There is a lot of talk concerning the topic of female professionals in Life Sciences. Recently, the British biochemist, Tim Hunt, made a statement about women in labs, which got him fired at the University College London (UCL).
Tim Hunt said: ‘The problem with women in labs; “You start falling in love with them and they will fall in love with you and as soon as you criticize them, they will start crying”.
It makes sense that a statement like this created a serious backlash from the Life Sciences community. His words were taken very seriously and caused a lot of unrest.
So how did Mr. Hunt get to this conclusion? Was it just his own ideas or is this a general idea that pervades in the Life Sciences industry? Here at SIRE Life Sciences® we can’t think of any reasons that female life scientists would be less employable based on their gender. We couldn’t even believe they would be less employable to begin with.
Even though half of the women in science and engineering now receive a doctorates in the United States, only 21 percent work as full science professors and roughly 5 percent as engineering professors. The gender gap is a hot debate and research has shown where this difference stems from.
It has been proven that women drop out of the science pipeline more than men after receiving their Ph.D. This problems seems to involve the balance between work and life. Practice finds that when a household starts having children, the mother is the most common family member who stays with the children during this first part of their life. It is a difficult challenge to balance the child's’ care and the working activities of research and development activities of most companies within the Life Sciences. There is a great deal of pressure to achieve and most institutions provide only a limited amount of time a professor can work without tenure.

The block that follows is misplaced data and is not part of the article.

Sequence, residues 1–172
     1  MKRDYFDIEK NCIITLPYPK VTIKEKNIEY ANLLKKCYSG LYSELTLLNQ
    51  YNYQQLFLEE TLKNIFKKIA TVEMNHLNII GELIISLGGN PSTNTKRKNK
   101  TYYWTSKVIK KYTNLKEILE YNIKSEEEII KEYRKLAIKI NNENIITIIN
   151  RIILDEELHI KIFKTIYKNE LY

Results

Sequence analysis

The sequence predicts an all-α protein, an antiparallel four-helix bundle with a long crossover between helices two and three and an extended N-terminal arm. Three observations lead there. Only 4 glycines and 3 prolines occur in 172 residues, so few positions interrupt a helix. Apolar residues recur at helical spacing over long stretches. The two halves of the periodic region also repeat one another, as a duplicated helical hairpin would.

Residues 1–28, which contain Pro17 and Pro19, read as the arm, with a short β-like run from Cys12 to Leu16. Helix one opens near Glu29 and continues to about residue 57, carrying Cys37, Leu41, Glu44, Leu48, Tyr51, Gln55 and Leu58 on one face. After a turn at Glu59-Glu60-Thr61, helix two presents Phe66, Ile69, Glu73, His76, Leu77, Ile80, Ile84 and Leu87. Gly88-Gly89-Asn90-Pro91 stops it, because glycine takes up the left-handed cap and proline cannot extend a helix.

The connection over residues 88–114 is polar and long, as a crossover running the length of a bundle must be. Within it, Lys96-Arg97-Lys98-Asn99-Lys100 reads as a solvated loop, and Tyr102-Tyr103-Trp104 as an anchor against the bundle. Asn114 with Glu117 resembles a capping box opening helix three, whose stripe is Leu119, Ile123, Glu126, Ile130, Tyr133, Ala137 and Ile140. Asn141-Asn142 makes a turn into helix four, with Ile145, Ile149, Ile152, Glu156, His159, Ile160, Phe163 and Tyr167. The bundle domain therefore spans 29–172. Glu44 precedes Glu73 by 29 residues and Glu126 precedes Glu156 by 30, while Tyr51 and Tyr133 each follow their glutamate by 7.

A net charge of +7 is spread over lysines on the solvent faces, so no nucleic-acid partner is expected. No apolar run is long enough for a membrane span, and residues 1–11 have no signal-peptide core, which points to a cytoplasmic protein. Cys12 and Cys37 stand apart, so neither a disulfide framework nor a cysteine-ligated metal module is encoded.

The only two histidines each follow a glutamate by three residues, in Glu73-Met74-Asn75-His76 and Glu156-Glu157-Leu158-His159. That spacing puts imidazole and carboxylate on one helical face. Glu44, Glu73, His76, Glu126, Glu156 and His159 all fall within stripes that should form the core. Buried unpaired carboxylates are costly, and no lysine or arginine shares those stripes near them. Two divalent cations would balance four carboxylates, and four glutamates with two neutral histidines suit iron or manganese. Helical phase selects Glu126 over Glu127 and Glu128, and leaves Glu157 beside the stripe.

Discrimination does not always happens intentional, but it has been proven that people are more unconsciously biased than expected. This unconscious bias may suppress the hiring of woman in scientific careers. Women with Ph.D. degrees have a better chance of getting an academic job in theory compared to men. In practice, men have better chances at getting hired. One of the most successful strategies to overcome this bias is to use gender-blind hiring.
The governing body of the European Union has instituted quotas to decrease the gender gap in Europe. In this case the commission is requiring that 40 percent from the members of the advisor boards for the EU’s research-funding program are a women. Strategies are being set up as the industry tries to support flexible working schedules for women, and take into account child care facilities as well as unbiased hiring procedures.
Motivation and participation are the basis for high quality results in research. By creating a transparent industry culture, which is more democratic and sensitive to gender and diversity, all scientist will be able to benefit more from the industry.